TOKYO, May 4 (UPI) -- Japan's child population has shrunk for the 34th consecutive year to a record low: 16.17 million.
The number was released Monday and was the lowest number for the demographic group since Japan began gathering the population data in 1950, reported Jiji Press.
Japan's Internal Affairs and Communications Ministry stated 8.28 million were boys and 7.88 million were girls.
Children under the age of 15 fell for the 41st consecutive year to 12.7 percent of the entire population. It is the lowest ratio among countries with populations of at least 40 million.
In the United States, children under the age of 15 make up 19.3 percent of the population, in Britain 17.6 percent, and in China 16.5 percent.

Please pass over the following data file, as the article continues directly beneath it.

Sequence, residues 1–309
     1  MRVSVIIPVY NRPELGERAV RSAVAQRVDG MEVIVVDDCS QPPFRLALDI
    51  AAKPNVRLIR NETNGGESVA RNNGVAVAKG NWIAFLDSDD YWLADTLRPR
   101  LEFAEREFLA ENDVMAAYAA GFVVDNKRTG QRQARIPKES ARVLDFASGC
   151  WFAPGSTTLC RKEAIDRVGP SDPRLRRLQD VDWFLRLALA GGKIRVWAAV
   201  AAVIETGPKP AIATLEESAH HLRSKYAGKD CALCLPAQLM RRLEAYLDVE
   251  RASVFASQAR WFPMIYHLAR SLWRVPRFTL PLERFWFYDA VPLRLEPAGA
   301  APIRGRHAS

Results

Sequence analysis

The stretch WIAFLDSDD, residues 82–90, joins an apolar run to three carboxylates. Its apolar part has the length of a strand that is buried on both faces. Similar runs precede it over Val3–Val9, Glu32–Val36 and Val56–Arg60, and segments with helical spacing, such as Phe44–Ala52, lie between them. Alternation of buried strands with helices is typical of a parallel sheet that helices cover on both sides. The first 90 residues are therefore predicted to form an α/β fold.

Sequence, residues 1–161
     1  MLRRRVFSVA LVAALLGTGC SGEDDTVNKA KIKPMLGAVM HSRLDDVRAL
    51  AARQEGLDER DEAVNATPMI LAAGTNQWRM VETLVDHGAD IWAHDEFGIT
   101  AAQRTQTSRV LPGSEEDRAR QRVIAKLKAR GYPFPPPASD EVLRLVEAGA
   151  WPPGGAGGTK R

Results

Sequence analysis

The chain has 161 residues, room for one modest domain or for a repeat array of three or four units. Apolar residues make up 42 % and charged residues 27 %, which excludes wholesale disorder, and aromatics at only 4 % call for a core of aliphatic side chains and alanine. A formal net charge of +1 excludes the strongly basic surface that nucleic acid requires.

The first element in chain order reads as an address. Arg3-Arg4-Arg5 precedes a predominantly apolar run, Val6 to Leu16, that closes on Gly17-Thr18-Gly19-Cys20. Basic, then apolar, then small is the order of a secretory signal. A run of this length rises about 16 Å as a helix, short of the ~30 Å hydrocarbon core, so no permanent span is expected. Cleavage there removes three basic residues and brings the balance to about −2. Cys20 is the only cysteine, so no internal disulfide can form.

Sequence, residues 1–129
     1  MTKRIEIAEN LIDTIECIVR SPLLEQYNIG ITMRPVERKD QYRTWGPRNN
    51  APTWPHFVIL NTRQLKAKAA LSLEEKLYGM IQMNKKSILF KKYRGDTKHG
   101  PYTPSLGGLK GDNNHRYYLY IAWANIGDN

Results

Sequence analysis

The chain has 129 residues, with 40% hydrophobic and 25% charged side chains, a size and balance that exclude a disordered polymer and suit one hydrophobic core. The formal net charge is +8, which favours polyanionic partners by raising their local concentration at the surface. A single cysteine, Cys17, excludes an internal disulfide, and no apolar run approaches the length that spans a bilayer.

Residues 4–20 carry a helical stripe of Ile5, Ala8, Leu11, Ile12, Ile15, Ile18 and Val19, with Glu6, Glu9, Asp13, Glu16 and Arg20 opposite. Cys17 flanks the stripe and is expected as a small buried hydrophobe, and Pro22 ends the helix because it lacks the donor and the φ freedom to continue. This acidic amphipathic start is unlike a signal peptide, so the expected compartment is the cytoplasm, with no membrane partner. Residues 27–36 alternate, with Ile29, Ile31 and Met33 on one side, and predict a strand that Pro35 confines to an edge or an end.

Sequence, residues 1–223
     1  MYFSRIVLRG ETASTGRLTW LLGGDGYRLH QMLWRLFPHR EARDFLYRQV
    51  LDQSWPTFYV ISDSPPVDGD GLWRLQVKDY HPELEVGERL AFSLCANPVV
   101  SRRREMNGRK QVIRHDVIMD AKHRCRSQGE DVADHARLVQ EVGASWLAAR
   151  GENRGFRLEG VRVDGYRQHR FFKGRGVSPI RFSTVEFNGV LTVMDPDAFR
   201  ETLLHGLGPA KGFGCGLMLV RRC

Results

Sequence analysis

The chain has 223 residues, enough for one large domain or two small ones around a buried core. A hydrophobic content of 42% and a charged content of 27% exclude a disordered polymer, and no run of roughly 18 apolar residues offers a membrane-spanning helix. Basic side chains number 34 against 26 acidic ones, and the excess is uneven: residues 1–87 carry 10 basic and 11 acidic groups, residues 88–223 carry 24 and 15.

Within the group of those under the age of 15, the population diminished as the age went down. Those 12 to 14 composed the largest group at 3.47 million, and those 2 and younger were at 3.09 million.
As Japan's child population dwindles, its elderly population, or those age 65 or older, has been rising.
Japan estimates the population as a whole will drop to 86.7 million by 2060 with 40 percent people who are older than 65.
Japan's population currently stands at 127 million, reported Time Magazine.
Atsushi Seike, a professor of Labor Economics at Keio University in Japan, wrote in the Australian Financial Review Japan's social security spending was having a "significant impact." In fiscal year 2012, $1.17 trillion, or 22.8 percent of GDP was spent on social security alone.